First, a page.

A grand success

The Olympic Oval has become a special place in Calgary for amateur sports and recreation

As soon as the last firework faded after the closing ceremonies of the 1988 Winter Olympics, the legacy of the Calgary Olympic Oval began—welcoming more than 4000 athletes annually to make use of the facility’s indoor running track, sprint pad, weight room, hockey rinks and world’s fastest speed skating ice for more than two decades.

“Our facility has been successful in helping athletes thrive and achieve in their sport because we have always been part of the high performance sport community,” says two-time Olympic gold medalist Catriona Le May Doan, now associate director for the Olympic Oval. “This has separated us from simply becoming a venue. We are not just an ice rink or an indoor track.

The Olympic Oval has four high performance sport programs, which means the Olympic Oval staff—from the director to the Zamboni drivers—are always thinking of how to improve athletic performances. Since the 1988 Olympic Games, the motto of higher, faster, stronger, has remained the ambition of our building.

Catriona Le May Doan

That shared ambition has helped more than 65 athletes, who have been part of the Olympic Oval’s high performance programs, to qualify and compete in Winter Olympics and 29 of those to win Olympic medals in women’s hockey and short track and long track speed skating, including Canada’s most decorated Olympian, Cindy Klassen.

Outside of the Olympic Oval’s high performance sport programs, the facility’s weight room, sprint pad and running track are used by all national team athletes who train in Calgary including bobsledders, lugers, ski jumpers, nordic & alpine skiers, track and field athletes and even some NHL players.

“The Olympic Oval is more than ice. When you come here to train you feel like you are part of a tradition, but also part of a group of people who really understand what you are doing and why you are doing it,” says Denny Morrison, a speed skating Olympic silver medalist at the 2006 Torino Olympics. “We have all the things we need under one roof, which is something that doesn’t exist anywhere else that I know.”

Over the past two decades, the Canadian Sport Centre Calgary, the Roger Jackson Centre for Health and Wellness Research at the University of Calgary Sport Medicine Centre and the University of Calgary’s Human Performance Lab have come to reside alongside the Olympic Oval, within the Faculty of Kinesiology, giving high performance, varsity and every day athletes access to everything an athlete needs, including a university education.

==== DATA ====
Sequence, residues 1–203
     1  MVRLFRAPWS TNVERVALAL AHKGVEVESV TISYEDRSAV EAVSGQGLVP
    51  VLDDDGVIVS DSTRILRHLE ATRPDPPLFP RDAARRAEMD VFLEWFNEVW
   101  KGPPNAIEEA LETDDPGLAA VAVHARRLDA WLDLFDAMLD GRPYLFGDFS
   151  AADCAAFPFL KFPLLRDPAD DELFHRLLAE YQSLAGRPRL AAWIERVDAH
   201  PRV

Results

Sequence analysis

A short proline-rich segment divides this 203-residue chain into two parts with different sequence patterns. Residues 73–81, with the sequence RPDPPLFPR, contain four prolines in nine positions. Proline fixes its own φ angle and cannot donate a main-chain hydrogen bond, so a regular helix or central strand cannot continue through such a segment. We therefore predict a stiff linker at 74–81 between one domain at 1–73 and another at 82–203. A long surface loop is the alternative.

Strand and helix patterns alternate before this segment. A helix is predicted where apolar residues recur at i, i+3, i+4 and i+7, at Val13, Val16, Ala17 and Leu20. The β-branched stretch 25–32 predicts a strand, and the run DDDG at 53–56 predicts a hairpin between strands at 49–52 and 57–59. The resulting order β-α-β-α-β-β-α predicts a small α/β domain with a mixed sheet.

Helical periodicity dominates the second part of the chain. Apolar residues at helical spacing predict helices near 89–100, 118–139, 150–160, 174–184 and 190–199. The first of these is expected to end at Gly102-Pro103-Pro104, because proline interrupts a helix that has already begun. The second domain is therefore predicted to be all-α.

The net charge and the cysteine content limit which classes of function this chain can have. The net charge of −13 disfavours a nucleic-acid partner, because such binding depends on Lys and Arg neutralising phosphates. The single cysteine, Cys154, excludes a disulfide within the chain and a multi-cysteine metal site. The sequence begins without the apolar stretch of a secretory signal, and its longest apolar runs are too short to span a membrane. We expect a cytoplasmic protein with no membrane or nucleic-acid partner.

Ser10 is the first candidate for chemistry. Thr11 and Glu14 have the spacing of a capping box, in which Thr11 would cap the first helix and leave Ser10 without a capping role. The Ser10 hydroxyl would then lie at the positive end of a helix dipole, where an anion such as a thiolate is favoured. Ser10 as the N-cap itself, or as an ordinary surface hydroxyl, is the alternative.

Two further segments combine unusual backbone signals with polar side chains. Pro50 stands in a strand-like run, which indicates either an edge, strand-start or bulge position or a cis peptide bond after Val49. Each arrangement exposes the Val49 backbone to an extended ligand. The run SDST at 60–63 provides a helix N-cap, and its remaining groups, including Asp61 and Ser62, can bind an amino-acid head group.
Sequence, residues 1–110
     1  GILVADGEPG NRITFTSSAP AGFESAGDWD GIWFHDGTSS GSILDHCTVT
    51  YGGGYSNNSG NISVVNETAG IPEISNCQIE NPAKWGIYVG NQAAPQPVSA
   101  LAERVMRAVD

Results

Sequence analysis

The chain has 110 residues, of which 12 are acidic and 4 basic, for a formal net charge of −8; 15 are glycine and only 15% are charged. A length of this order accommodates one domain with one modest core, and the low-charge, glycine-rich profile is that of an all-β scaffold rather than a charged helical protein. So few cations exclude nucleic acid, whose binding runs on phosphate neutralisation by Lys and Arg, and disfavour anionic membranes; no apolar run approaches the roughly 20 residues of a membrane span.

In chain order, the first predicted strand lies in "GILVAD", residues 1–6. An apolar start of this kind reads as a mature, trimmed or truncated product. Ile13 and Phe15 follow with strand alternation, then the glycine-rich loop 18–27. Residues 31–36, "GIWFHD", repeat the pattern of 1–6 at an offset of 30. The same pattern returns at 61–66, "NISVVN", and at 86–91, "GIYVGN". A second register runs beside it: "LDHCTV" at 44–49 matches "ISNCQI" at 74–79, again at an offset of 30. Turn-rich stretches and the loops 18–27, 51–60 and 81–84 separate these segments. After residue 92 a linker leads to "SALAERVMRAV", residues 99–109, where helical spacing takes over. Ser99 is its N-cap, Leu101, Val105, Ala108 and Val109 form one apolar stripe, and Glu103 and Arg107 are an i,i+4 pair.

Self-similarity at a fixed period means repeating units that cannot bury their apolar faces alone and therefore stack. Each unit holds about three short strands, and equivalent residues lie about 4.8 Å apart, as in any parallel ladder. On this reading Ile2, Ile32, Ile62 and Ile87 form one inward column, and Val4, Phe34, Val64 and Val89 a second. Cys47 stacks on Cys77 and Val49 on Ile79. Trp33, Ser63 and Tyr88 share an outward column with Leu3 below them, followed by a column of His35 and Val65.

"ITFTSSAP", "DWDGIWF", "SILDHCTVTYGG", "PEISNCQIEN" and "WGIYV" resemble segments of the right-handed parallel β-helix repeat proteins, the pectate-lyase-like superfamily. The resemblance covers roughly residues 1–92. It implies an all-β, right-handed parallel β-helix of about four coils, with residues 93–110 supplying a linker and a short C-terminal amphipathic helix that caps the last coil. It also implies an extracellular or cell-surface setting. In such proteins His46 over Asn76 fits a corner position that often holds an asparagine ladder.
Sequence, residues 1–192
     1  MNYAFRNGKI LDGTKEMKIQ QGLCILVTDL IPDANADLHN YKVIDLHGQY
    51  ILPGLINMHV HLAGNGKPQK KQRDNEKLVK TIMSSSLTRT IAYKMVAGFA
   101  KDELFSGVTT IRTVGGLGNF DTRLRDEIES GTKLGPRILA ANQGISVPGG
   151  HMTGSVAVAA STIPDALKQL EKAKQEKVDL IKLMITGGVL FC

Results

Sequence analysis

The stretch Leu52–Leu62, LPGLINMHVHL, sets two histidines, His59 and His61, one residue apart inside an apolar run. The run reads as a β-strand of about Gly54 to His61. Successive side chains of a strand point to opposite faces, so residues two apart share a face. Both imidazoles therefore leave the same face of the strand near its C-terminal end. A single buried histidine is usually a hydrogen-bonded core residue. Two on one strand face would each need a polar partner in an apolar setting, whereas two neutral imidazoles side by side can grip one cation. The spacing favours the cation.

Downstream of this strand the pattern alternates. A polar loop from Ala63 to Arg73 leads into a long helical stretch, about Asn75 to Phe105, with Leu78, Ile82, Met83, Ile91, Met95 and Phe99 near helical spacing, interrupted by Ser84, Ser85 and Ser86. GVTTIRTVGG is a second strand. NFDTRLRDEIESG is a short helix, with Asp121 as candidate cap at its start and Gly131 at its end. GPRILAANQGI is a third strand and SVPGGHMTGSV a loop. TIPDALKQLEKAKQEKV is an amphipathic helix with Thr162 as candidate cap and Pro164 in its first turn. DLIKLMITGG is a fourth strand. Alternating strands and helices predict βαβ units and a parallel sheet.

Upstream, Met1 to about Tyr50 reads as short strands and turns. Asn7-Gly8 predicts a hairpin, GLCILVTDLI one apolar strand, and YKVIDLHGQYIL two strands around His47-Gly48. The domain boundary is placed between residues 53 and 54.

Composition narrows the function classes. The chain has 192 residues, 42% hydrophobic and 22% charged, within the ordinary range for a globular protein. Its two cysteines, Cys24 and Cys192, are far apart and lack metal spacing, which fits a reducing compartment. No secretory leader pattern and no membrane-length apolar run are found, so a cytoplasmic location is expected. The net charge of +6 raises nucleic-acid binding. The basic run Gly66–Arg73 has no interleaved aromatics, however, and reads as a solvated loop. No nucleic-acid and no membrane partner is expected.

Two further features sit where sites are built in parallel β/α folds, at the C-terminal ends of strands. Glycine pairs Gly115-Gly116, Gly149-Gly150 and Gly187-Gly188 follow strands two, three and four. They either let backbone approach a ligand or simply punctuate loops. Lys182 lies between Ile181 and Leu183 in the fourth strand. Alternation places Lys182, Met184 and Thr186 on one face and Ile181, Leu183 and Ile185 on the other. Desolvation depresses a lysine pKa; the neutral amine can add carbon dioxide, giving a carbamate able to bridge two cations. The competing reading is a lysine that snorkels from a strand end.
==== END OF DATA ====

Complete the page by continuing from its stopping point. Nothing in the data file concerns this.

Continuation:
Roger Jackson, one of the founders of the Olympic Oval project, now CEO of the Own the Podium 2010 credits the Olympic Oval’s legacy to a rare synchronization. “It is almost unique in the world because of the harmony of shared high performance, public and University of Calgary use. There are so many practical things about this building that make it so useful,” enthuses Jackson.

The Olympic Oval has surpassed all expectations we set out for it 22 years ago. It has been used by several national team programs, most notably putting Canada on the world map in speed skating; it has been enormously useful to the university’s athletic program and been an extremely important public facility for indoor jogging, cycling programs, and other special events. It has been a grand success.

Rodger Jackson

As well as giving high performance and varsity athletes a great experience, the Olympic Oval has also provided the general public with a world-class activity centre for public skating and running, as well as special events. Annually the facility hosts Papa John’s Family Fun Day, drawing up to 6,000 people to enjoy public skating and a variety of family friendly games and activities.

Hopefully the Olympic Oval will continue to draw Canadians to its high performance programs, summer camps, indoor running, public skating, World Cup competitions, special events and more—continuing the legacy that began with the 1988 Olympics.